Monday, January 7, 2019

Back to School with Yoobi

Happy first Monday of January! I'm so excited to finally share this post with you guys now that school is officially back in session for so many of us.

As I've mentioned on my instagram, I decided to start taking the official Swedish language class here in Sweden (called SFI) last year and I've learned so much from it so far. I get a lot of questions about what it's like learning a new language, so I thought I'd share my tips and tricks and to top it off, I partnered with my favorite school supply company, Yoobi! I love this company not only because they make the cutest, most colorful school/home/office supplies I've ever seen, but for every item sold on their website as well as at Target, they donate a school supply to a classroom in need in the US. Truly a wonderful initiative that I am proud to support! Pictured on my (very messy, haha) bed is a pack of mini highlighters, sticky notes, pencil pouches, journals, index cards, tape, pencils, pens and the cutest laptop case. Seriously, everything they make is adorable and makes learning more fun, too. Go check them out!

Tips for learning a new language

So you say you want to learn a new language but don't know where to start? The best thing you can do is to take a class in that language! Most languages are offered at community colleges, but you can also sometimes find independent courses with a little google search, which I had to do in the beginning of my learning because Swedish, as it turned out, was not offered everywhere. Before I moved to Sweden (in 2017), I found a private language school to help me get the basics of Swedish down and it really helped. I met with my teacher once a week at her home and we covered one chapter a week of a book that was assigned for me. In those ten weeks, I learned how to pronounce all of the vowels (they are so hard if you don't know them), I learned how to count, read simple sentences and stories, read the clock, and she also taught me about customs, traditions and holidays. When I moved, I felt more confident in what I knew, even though I wasn't anywhere near fluent back then. It also helps to get a language learning app on your phone that you can use at your own leisure such as duolingo (especially if you don't have time to take a physical class).

Once I moved to Sweden (in January of 2018), I signed up for Rosetta Stone's online language program. This was more advanced than duolingo and wasn't cheap, but still fairly simple and I loved having something to "do" every day while I was figuring out and getting used to my new life here. They usually have great sales as well so definitely check them out. The Swedish course was 12 unit course, which allowed me to complete in 6 or 12 months, at my own pace. Rosetta Stone teaches you auditory learning, writing, and reading. They also offered tutoring, and had games you could play to help you brush up your skills and improve your knowledge. I really liked it, but ended up only getting through 6 units because I landed a job over the summer that left me too busy (and tired) to continue.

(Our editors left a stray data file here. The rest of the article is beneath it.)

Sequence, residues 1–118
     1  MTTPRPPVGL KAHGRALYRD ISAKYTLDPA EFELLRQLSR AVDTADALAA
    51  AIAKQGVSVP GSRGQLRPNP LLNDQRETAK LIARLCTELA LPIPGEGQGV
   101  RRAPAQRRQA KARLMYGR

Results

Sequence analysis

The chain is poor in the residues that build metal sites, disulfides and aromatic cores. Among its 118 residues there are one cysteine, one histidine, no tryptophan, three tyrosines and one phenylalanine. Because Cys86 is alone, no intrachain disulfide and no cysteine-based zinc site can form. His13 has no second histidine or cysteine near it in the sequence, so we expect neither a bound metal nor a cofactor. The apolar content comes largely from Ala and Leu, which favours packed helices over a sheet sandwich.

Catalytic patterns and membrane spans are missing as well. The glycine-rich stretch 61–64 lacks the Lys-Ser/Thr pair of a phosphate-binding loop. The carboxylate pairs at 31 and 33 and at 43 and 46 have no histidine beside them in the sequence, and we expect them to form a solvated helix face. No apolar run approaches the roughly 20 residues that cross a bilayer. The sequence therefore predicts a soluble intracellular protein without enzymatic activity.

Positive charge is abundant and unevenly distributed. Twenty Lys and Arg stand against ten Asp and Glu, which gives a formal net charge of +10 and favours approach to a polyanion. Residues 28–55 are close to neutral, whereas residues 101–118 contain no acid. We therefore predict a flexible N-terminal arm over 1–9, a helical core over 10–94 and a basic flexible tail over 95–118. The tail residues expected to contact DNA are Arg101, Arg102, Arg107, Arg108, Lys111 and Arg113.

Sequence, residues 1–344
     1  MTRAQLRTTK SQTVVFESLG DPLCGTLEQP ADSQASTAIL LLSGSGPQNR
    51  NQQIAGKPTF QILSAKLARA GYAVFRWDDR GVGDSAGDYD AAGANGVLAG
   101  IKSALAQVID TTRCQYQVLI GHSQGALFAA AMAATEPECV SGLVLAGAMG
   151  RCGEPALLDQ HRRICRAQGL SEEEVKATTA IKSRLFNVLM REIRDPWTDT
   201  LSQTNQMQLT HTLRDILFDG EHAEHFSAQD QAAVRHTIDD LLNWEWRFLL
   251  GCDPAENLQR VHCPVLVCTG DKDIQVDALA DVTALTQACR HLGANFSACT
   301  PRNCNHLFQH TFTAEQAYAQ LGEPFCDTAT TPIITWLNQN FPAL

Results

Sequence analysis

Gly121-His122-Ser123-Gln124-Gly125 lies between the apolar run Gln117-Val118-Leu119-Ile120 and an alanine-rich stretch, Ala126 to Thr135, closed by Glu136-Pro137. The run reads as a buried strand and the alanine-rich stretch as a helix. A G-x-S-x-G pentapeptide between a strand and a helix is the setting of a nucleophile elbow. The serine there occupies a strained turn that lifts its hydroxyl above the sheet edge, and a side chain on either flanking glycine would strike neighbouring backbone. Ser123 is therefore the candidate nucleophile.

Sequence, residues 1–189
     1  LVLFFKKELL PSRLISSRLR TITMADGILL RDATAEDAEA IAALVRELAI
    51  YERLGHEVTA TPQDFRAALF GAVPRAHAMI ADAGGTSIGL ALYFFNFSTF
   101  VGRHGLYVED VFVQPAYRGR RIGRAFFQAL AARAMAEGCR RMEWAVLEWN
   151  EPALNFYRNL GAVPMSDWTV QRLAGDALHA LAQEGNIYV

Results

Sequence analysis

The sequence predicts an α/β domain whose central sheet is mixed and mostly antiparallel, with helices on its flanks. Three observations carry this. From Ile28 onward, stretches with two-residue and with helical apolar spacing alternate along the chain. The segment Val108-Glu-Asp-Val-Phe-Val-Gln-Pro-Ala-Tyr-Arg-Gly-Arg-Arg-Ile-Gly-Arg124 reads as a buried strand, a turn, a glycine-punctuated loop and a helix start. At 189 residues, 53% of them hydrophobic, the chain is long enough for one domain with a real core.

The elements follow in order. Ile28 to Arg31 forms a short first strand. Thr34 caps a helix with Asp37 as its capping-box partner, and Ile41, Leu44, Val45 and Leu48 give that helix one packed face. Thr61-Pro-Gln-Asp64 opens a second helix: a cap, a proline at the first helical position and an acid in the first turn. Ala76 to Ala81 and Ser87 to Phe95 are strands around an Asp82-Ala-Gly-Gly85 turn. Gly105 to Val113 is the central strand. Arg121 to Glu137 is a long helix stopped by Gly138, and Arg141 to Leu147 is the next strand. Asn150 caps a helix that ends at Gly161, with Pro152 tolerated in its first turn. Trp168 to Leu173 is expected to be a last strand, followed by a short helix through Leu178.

Once the summer job ended, I decided to enroll in the "official" Swedish language course here called SFI (Swedish for Immigrants), and being in an actual classroom with other students has been the best form of learning for me and what I'd say has been the most helpful overall. There are around 20 other people in my class (which sometimes can vary - today we were only 7!), and our class meets 4 days a week for 4 hours per day. We can only speak Swedish in class which honestly really helps me because then I can't fall back on my English (which is SO easy to do). Every day, we practice word recognition by writing down what we hear, we watch films, we read out loud, and sometimes we have homework (not always, though). If you're serious about becoming fluent in a language, surrounding yourself in a place where you are forced to only speak the language is KEY in becoming more fluent!

If school isn't for you...

There are other ways to learn! Watch movies and tv shows with that language's subtitles, watch movies in that language, listen to audio books that are in that particular language. Try to write down what you hear in a song, even if you don't know how to spell the word. Soon enough, you'll be able to recognize that word and overtime it will become easier to pick up on more when you hear them used in a sentence! (That's been my favorite part of learning, I think!). 

Another thing I'd like to say is to not put pressure on yourself. This is something I am very guilty of, but if you can try not to and to just have fun with it, you will be more successful in learning. Diving  straight in and leaving any intimidating thoughts out will be so good for you and it's something I try to keep in mind every day even though it's hard!

I hope that all of this helped. If you're trying to learn a new language, I'd love to hear which one in the comments! 

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